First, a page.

(Photo: Handyman Sports)

Throws: LHP

DOB: 10/22/91
H/W: 6-5, 230 lbs

Acquired: Claimed off waivers from Pittsburgh (3/16)
Current Salary: $507,500
Team Control: 5 seasons (through 2021)

Combined WAR: (no MLB debut)

The Outfield Fly Ruling

A former top prospect in the Phillies organization, everything started going wrong for Biddle in 2014. In a repeat of AA Reading, where he’d been pretty successful in ’13, his K rate fell by 5%, his HR rate nearly doubled, and his ERA ballooned to 5.03. In 2015, it got even worse. He gave up more hits than ever, and the K-rate dropped another 5%. At the end of 2015, it was decided that he needed the dreaded Tommy John Surgery. We haven’t seen Biddle since then except on the transaction page. Philadelphia traded him to Pittsburgh last February. The Pirates tried to pass him through waivers a month later, and Atlanta pounced. Biddle should return to the mound sometime before the 2017 all-star break. He’s on the 40-man roster, but with 2 options remaining, Atlanta can be reasonably patient if they think he can make it back? (- B. Blackwell, ’16-’17 offseason)

OFR Articles About Biddle

The OFR Scouting Report

Pitch Arsenal:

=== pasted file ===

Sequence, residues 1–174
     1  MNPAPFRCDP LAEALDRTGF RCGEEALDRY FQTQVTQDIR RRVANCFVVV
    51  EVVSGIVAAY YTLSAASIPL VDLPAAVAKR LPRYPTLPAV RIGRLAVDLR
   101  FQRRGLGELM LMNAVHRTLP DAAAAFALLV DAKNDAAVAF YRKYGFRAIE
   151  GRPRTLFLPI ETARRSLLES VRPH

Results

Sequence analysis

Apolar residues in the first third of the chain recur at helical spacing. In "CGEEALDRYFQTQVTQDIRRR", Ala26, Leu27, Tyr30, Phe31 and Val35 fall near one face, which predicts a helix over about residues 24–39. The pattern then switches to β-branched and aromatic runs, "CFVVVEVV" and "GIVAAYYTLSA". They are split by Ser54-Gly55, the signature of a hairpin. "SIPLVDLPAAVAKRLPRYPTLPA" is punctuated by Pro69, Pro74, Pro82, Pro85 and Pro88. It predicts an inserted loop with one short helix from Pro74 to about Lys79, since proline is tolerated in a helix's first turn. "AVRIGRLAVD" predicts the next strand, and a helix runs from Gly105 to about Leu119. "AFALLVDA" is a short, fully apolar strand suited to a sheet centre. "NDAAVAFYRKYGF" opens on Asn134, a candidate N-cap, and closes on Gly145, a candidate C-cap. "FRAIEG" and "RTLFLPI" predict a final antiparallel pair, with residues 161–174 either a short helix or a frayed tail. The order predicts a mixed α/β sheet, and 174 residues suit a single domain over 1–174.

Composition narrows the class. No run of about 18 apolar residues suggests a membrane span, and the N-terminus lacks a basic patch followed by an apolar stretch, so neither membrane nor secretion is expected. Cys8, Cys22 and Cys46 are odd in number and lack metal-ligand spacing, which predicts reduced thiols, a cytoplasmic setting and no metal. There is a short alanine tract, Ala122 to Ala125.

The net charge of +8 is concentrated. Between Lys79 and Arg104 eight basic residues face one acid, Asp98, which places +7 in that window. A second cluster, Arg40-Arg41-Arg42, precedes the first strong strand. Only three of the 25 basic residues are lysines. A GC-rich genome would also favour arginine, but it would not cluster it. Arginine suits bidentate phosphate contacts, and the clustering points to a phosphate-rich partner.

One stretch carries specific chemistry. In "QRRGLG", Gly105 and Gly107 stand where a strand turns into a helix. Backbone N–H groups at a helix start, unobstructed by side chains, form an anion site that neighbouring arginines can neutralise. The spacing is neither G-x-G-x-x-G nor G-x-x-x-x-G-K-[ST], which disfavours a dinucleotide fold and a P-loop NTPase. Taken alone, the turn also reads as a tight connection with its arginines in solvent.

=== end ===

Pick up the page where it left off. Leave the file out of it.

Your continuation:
1. Four-seam Fastball
  2. Curveball
  3. Changeup
  4. Slider
  5. Two-seam fastball

Stamina – 45 ↑↑↑

Biddle was exclusively a starter prior to surgery, and it’s still within the realm of possibility for him to return to starting. Just because it’s possible doesn’t mean it’s probable, though.

Walk Avoidance – 30

Control was never Biddle’s calling card, so there’s no reason to think adding TJ Surgery into the formula will magically fix everything.

Strikeout Ability – 40 ↑↑↑↑↑↑

There remains the possibility of big strikeout potential, but the current grade can’t reliably be high considering his K rate plummeted in 2015 before his surgery. Perhaps the surgery corrects it. Perhaps it doesn’t. Wait and see. Biddle will need the K’s to make a career out of it, I think.

Groundball Induction – 40

Biddle throws a two-seamer, but it’s not his primary pitch. Perhaps meeting the right pitching coach could change his course in this regard, but for now, batters will take to the skies.

20-80 scale, where 20 will prevent you from reaching the bigs, 30 is terrible, 40 is below average, 50 is MLB average, 60 is plus, 70 is plus-plus, and 80 is HOF-level. The OFR Scouting Report is based mostly on statistical forecasting models such as ZiPs, PECOTA, etc. Arrows indicate projected room for growth or decline, with each representing a 5 point movement on the 20-80 scale.


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